- Create a “Lessons Learned” Leadership Log for Continuous Improvement

Lee R. Lambert, PMP, CEO
Lee Lambert takes the saying; "been there, done that, got the T-shirt" to new heights in project management training, by incorporating a pragmatic perspective and a unique use of personal analogies to help bring the subject matter to life. No other Project Management educator can contend with his uncanny technical knowledge, material content and refreshing delivery - not to mention his humorous, engaging, CommonSense™ style that has mesmerized more than 40,000 students in 21 countries. Lee has been an honored and distinguished member of the project management community since 1968 and was part of the original team that formulated and implemented the PMP Certification Program. He is recognized as one of the most effective project management educators in the world.

Project Management Essentials (two-days)

with Carl Pritchard
Tuesday and Wednesday, February 24-25, 2015
8:00 am - 4:00 pm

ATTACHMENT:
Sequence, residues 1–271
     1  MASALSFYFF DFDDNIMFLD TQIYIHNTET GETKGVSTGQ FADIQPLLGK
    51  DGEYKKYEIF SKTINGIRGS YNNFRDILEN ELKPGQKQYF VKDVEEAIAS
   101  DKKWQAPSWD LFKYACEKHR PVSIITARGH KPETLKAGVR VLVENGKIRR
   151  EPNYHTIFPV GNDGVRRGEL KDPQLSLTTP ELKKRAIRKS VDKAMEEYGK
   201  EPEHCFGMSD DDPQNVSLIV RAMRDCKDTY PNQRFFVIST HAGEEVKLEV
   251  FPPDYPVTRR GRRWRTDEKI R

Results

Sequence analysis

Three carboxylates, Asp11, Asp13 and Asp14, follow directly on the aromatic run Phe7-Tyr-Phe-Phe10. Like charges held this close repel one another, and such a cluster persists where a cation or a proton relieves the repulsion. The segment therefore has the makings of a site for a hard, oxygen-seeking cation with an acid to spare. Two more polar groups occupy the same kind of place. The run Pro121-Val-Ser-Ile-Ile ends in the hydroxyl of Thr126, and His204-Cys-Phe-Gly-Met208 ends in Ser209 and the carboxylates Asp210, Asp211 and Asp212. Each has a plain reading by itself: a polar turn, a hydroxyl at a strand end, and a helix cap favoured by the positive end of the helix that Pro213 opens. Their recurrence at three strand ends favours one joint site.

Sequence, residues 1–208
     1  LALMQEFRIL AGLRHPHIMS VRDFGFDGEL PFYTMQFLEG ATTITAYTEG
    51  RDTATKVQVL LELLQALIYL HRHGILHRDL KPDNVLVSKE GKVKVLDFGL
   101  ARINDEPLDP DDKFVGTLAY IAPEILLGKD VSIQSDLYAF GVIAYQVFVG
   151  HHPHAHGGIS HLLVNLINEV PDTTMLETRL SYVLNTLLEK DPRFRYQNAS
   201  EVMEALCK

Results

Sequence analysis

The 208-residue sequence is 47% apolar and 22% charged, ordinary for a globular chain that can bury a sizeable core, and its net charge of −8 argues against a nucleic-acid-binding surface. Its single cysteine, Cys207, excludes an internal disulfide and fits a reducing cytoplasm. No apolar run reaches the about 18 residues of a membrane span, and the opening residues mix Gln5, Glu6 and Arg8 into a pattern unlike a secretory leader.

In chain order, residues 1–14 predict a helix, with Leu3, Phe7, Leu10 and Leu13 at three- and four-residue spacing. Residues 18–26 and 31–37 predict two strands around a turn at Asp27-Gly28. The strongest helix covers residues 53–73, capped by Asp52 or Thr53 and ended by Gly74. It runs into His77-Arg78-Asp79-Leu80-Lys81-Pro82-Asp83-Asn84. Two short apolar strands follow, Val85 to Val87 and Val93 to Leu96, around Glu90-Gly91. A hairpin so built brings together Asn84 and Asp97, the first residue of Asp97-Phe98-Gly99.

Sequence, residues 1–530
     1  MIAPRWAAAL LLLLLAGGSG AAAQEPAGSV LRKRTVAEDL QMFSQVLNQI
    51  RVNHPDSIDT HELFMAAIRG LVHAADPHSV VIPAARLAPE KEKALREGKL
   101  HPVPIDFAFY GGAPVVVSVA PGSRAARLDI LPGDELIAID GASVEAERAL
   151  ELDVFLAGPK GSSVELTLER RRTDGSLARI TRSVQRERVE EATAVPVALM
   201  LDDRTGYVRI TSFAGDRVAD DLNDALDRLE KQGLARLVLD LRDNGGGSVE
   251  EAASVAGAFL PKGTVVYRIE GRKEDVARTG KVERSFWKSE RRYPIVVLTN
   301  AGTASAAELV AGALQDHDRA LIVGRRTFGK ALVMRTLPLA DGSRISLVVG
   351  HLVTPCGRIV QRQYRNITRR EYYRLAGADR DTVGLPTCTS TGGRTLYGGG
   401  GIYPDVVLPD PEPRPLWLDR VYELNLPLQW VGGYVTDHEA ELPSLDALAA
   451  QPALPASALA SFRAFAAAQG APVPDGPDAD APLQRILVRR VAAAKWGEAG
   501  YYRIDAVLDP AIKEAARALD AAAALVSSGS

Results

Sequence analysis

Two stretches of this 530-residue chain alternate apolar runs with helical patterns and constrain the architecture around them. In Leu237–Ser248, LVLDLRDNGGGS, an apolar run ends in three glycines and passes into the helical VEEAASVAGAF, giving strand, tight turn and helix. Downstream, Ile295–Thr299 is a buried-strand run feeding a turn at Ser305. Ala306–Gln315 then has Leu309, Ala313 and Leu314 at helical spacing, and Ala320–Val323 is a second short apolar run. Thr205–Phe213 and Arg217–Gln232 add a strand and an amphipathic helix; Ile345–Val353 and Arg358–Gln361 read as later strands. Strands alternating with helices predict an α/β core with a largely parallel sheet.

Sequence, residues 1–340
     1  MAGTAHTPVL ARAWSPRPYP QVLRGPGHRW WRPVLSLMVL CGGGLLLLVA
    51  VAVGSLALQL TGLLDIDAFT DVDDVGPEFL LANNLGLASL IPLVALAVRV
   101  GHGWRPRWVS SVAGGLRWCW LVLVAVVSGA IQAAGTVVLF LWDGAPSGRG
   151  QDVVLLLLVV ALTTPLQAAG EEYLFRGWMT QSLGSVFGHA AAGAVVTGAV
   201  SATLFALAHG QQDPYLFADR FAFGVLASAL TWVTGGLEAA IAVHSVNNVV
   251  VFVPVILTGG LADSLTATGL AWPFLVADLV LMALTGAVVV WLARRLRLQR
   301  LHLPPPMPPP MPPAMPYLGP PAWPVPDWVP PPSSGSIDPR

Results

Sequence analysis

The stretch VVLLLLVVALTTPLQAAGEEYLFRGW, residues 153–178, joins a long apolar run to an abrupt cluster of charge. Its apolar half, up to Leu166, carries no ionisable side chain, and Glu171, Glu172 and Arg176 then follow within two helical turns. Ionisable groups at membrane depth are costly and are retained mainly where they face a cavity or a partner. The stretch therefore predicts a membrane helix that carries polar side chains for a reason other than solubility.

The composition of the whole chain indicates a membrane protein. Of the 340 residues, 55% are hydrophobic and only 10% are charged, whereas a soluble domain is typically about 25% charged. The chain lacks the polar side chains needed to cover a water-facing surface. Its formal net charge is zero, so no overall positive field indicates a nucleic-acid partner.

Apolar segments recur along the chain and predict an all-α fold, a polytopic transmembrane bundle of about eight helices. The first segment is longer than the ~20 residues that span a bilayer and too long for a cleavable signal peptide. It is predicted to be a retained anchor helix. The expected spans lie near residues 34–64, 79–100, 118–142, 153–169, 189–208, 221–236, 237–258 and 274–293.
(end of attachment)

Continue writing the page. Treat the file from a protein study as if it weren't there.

ATRF Auditorium
16 PDUs

How do we get work done? How do we get to where we need/want to be? There are two approaches. We can trust past experience and capability and hope that we’ll wind up where we should be eventually, or we can use tested and practiced processes that clearly enhance our probability of success.

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In Project Management Essentials, Carl Pritchard takes you through the fundamentals of defining work, establishing plans based on logical work elements and scheduling and pricing work according to the nature of the requirements, rather than just past experience and gut instinct. The program also examines how work should be tracked to ensure there is a full accounting that everything that was supposed to be done is actually completed. As no project is successful without a team, the course is presented in hands-on fashion, with team efforts to work through practical case study examples.